No one with obstructive sleep apnea who visits my office ever asks, “What continuous positive airway pressure mask do I get?” What I usually hear is, “I’m not wearing one of those things!”

Patients usually describe using CPAP as a love-hate relationship. Although they hate having to wear a mask to bed every night, they love how much better they feel in the morning compared with how they felt before visiting the office.

I am often reminded of how rapidly CPAP technology has evolved. When I show veteran CPAP users the newest machines, they can’t believe how small the units have become and how quiet. Patients occasionally bring in machines that are 10 to 15 years old, and I am always amazed about the difference in size. They are huge!

Patients often ask if they will be “hooked up to a machine” for the rest of their lives. When I explain that CPAP is relatively new technology, and explain the changes that have occurred since the development of CPAP, they are amazed. After all, the first CPAP machine was a vacuum cleaner motor!

One momentous night in June 1980, CPAP inventor Colin Sullivan, PhD, tested an idea. Before CPAP technology, patients with severe OSA had to have a tracheostomy to control their disease. Sullivan had a 43-year-old male patient who needed the surgery but refused to have it. The patient, however, did volunteer to be part of an experiment using plastic tubing and a vacuum cleaner motor.

Sullivan inserted plastic tubing, and rapid sealing silicone to seal the nasal airway. Then using a vacuum cleaner motor in the reverse mode he applied the positive pressure. The patient went into REM sleep very quickly and his apnea disappeared. He stopped the pressure and the apnea reappeared. He repeated the process multiple times and realized this was a treatment that worked.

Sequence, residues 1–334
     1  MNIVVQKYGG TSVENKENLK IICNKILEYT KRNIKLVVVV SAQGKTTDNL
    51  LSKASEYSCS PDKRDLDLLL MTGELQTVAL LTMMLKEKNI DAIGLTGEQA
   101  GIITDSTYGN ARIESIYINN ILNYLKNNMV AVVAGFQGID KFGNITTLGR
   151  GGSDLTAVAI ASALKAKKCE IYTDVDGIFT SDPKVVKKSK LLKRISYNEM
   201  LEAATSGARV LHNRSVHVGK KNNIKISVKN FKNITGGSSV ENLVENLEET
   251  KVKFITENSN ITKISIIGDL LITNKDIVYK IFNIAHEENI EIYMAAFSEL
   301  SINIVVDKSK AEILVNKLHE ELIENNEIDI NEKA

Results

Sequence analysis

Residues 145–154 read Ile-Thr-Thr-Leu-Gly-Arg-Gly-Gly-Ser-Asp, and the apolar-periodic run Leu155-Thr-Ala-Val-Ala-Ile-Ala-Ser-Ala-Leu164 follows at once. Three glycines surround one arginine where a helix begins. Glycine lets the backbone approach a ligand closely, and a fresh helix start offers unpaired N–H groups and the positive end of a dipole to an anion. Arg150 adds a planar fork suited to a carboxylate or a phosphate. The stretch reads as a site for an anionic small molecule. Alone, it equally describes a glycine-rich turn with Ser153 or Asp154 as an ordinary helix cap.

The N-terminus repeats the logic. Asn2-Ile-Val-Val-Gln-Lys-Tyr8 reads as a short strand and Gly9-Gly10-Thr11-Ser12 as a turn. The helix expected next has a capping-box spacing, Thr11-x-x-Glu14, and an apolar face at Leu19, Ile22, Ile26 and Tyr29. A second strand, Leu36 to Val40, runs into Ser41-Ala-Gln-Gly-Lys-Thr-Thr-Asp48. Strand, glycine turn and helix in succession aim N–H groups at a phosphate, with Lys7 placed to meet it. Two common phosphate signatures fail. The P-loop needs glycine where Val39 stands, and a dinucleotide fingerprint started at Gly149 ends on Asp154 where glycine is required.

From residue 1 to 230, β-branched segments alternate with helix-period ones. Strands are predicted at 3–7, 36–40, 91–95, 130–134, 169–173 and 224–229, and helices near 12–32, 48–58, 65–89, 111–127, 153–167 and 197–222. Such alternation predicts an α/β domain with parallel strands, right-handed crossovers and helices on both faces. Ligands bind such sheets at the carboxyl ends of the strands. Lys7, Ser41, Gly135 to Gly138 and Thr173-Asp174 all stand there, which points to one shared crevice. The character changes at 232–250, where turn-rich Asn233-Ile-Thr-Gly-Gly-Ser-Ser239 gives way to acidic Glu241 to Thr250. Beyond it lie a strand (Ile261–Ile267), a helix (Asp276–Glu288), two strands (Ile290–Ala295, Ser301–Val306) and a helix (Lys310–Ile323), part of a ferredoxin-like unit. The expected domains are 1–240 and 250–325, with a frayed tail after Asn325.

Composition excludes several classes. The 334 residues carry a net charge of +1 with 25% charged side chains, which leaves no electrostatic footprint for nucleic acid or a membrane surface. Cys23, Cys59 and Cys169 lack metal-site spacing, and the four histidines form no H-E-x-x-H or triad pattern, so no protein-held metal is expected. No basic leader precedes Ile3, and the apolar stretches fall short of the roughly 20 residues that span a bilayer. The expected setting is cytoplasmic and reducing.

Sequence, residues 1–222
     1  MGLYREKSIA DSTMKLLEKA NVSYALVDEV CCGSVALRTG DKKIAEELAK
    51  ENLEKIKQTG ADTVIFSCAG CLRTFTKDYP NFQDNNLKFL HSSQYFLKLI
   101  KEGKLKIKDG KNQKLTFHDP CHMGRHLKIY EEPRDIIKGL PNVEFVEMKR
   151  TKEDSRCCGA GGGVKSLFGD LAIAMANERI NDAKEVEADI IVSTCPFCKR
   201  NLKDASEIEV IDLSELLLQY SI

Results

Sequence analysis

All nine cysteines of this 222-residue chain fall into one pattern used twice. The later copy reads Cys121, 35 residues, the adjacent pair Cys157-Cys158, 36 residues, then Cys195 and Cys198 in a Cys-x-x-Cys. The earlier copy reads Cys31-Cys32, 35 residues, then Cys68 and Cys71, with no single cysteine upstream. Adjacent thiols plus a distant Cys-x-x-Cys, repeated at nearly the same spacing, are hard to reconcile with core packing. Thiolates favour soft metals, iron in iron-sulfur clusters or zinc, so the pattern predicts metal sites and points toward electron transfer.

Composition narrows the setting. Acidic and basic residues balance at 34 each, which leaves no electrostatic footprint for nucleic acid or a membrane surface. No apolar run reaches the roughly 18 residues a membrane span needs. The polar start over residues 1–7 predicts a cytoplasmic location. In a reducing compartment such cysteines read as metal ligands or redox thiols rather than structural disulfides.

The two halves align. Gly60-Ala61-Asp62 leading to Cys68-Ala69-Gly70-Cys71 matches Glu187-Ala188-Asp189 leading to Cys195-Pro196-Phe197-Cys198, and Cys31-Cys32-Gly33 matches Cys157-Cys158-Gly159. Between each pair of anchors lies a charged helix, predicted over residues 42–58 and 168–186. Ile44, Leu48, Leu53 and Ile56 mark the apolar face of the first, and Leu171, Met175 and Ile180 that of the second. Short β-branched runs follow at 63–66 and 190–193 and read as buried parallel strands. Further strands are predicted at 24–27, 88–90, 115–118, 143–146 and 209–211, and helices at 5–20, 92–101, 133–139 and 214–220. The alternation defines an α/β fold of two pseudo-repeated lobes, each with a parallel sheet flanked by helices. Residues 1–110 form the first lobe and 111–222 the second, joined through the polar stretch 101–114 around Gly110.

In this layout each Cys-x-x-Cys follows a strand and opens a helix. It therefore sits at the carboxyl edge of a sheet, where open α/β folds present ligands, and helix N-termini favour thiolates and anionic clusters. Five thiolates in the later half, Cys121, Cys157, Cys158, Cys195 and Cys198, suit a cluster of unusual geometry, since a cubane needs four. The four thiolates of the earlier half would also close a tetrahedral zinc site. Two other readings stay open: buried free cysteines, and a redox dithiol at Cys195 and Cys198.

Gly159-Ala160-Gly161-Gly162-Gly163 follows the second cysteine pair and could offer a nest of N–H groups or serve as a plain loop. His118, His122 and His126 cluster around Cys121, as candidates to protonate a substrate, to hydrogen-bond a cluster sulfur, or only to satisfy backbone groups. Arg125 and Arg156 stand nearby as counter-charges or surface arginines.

CPAP therapy has come a long way since 1980. Now, there are multiple companies who produce CPAP machines, as well as bilevel positive airway pressure (BiPAP) and adaptive servoventilation (ASV) machines. There are also multiple variations of the three basic nasal, nasal pillow and full-face masks.

Sullivan made a huge discovery with CPAP. Today, there are other alternatives including dental appliances that show promise for treating mild disease, but CPAP remains the gold standard for moderate to severe disease. Knowing that CPAP is a relatively new technology means that there are likely to be more advances in the future.

Next time a patient asks about using a CPAP machine and mask give them the history. They will be fascinated and may take comfort in the fact that there is plenty of room for technological improvements to CPAP machines.

Sharon M. O’Brien, MPAS, PA-C, works at Presbyterian Sleep Health in Charlotte, N.C. Her main interest is helping patients understand the importance of sleep hygiene and the impact of sleep on health.